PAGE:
Vitamin D does not prevent type 2 diabetes in people at high risk

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Taking a daily vitamin D supplement does not prevent type 2 diabetes in adults at high risk, according to results from the Vitamin D and Type 2 Diabetes (D2d) study, funded by National Institute of Diabetes and Digestive and Kidney Diseases (NIDDK), part of the National Institutes of Health (NIH).

The study enrolled 2,423 adults with a range of physical characteristics, including sex, age, and body mass index, as well as racial and ethnic diversity, which helps ensure that the findings could be widely applicable to people at high risk for developing type 2 diabetes. The study was conducted at 22 sites across the United States.

Subjects were randomly assigned to either take 4,000 IU of the D3 (cholecalciferol) form of vitamin D or a placebo pill daily. All study participants had their baseline vitamin D levels measured. The subjects were screened every 3 to 6 months for an average of 2.5 years to determine if diabetes had developed. Researchers then compared the number of people in each of the two study groups that had progressed to type 2 diabetes.

At the end of the study, 293 out of 1211 participants (24.2%) in the vitamin D group developed diabetes compared to 323 out of 1212 (26.7%) in the placebo group, although this difference was not statistically significant. The study was designed to detect a risk reduction of 25% or more.

These findings presented at the ongoing 79th Scientific Sessions of the American Diabetes Association (ADA) in San Francisco and simultaneously published in the New England Journal of Medicine.

(Source: NIH, June 7, 2019)

Dr KK Aggarwal

Padma Shri Awardee

President Elect Confederation of Medical Associations in Asia and Oceania   (CMAAO)

Group Editor-in-Chief IJCP Publications

President Heart Care Foundation of India

Past National President IMA

Type 2 diabetes may increase the risk of acquiring heart disease

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Diabetes is a massive economic and health burden

New Delhi, 24 March 2019: People with diabetes are at a higher risk of death from heart diseases. Almost 58% of deaths among people with type 2 diabetes are due to cardiovascular events. High glucose levels associated with diabetes damage blood vessels, resulting in problems with blood pressure and vision, joint pain and other maladies. India currently shoulders 49% of the global diabetes burden, representing the ‘lifestyle disease’ as a massive public health obstacle for the second most populated country in the world.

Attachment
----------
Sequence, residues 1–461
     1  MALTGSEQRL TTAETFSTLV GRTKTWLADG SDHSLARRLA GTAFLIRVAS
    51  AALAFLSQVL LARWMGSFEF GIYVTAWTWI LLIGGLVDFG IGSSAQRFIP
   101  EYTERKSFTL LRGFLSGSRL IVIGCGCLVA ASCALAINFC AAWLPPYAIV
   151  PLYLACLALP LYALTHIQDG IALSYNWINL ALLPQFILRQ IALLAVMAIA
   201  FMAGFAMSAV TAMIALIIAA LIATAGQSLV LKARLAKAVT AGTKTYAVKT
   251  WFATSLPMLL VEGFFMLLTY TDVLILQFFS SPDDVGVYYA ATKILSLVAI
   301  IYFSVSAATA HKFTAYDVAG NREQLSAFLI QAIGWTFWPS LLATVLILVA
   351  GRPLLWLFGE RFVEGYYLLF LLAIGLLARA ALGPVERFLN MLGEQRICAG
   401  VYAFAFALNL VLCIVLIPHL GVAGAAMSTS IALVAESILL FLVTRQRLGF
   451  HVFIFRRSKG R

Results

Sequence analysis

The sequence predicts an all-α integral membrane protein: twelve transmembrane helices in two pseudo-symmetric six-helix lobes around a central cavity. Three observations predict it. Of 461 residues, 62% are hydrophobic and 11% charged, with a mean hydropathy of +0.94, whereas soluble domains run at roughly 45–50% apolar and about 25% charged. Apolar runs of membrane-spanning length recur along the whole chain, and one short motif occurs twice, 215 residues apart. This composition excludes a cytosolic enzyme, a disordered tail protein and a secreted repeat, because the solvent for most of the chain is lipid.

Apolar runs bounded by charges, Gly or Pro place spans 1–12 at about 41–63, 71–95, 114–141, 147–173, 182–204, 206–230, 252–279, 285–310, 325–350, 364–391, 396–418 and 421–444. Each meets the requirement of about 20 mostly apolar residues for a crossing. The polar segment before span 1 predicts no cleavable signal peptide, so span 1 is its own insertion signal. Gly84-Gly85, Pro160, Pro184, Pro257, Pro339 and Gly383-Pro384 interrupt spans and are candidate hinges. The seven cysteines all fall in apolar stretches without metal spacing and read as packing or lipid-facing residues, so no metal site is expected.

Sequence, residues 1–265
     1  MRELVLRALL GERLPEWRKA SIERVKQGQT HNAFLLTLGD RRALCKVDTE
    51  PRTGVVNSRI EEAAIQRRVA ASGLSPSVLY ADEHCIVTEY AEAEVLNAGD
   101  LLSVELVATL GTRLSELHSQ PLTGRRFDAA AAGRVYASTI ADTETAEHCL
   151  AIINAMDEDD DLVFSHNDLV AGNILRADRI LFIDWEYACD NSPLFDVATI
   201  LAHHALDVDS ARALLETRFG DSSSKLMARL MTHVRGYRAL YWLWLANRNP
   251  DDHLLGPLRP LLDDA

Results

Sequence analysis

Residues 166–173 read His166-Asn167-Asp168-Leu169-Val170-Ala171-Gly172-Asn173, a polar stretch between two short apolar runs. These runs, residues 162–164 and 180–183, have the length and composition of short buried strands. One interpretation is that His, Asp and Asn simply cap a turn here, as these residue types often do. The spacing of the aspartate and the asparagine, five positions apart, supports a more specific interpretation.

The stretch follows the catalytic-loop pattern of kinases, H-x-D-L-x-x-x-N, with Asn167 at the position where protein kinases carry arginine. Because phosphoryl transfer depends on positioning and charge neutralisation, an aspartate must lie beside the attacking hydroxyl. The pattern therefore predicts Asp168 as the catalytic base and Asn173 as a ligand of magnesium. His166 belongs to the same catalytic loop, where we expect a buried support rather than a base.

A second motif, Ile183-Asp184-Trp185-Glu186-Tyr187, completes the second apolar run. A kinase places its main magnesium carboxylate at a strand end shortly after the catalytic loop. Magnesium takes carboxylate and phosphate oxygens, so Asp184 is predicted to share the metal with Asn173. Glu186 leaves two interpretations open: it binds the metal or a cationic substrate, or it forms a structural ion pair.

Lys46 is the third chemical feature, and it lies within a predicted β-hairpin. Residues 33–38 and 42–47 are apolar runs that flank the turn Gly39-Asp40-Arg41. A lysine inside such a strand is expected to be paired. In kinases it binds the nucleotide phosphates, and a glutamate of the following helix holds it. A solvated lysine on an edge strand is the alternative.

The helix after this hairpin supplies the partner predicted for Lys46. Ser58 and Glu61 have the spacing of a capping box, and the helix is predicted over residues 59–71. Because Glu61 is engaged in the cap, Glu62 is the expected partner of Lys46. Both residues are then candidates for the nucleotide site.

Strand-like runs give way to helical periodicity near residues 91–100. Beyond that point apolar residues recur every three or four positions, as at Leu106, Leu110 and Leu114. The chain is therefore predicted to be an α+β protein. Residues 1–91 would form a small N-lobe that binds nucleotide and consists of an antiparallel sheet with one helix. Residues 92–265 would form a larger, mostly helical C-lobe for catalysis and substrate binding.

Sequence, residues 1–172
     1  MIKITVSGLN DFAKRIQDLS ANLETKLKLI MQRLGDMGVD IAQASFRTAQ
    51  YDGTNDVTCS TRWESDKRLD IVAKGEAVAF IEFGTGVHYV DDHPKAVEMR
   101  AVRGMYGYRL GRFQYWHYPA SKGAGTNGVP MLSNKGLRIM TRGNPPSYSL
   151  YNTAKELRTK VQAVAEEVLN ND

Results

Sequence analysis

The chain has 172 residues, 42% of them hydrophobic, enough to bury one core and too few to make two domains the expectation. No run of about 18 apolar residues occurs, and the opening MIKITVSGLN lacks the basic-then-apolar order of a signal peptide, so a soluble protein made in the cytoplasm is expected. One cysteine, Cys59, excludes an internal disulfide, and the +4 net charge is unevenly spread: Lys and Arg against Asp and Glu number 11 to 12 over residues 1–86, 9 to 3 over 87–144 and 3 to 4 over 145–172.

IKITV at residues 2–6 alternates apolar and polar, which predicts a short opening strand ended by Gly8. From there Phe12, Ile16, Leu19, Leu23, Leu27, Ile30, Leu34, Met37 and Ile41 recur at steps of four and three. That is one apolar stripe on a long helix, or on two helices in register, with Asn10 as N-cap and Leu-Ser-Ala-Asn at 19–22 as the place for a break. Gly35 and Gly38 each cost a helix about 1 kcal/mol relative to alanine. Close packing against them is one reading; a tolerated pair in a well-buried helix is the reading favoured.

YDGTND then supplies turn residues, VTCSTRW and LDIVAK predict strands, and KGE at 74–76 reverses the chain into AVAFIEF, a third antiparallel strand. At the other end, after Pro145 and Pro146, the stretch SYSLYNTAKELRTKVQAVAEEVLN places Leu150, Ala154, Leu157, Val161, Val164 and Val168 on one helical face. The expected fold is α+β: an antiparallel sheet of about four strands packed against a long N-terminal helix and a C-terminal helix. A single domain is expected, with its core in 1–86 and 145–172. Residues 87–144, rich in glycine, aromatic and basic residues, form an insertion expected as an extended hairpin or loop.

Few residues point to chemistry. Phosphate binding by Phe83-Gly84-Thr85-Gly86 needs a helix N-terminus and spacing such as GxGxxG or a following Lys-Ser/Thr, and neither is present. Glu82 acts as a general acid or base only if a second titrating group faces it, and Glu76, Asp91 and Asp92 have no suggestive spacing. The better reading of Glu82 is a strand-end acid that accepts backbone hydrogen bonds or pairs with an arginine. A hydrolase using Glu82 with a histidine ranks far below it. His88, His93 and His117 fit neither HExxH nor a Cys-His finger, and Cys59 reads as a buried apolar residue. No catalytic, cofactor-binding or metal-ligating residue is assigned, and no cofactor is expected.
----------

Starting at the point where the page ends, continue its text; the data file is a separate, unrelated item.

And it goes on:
Type 2 diabetes normally affects older adults but is being increasingly noticed among younger Indians. They are at a greater risk of life-threatening complications including kidney damage and heart disease as well.

Speaking about this, Padma Shri Awardee, Dr KK Aggarwal, President, HCFI, said, “A high-calorie diet rich in processed and junk food, obesity, and inactivity are some of the reasons for the increased number of younger people with diabetes in the country. Not getting checked in a timely manner and not following the doctor’s protocol further complicates matters for them, putting them at a risk of acquiring comorbid conditions at a relatively younger age. There is also a belief that because young people with Type 2 diabetes do not need insulin, it is not as sinister as it seems. However, this is a false notion. This condition requires immediate treatment and management. A young person with Type 2 diabetes may have no symptoms. If there are some, these may be usually mild, and in most cases develop gradually and include thirst and frequent urination.”

A young person with Type 2 diabetes may have no symptoms. If there are some, these may be usually mild, and in most cases, develop gradually and include thirst and frequent urination.

Adding further, Dr Aggarwal, who is also the Group Editor-in-Chief of IJCP, said, “Small and gradual changes can be made in the family so that no one is left out. This will also be encouraging for youngsters with adults setting examples for a healthy lifestyle. Such changes can help a youngster lose weight (if that is the issue) or help them make better eating choices, thereby lowering the chances of developing Type 2 diabetes. This is truer for those with a genetic susceptibility to the condition. Operating as a team, a family, is much more likely to be successful.”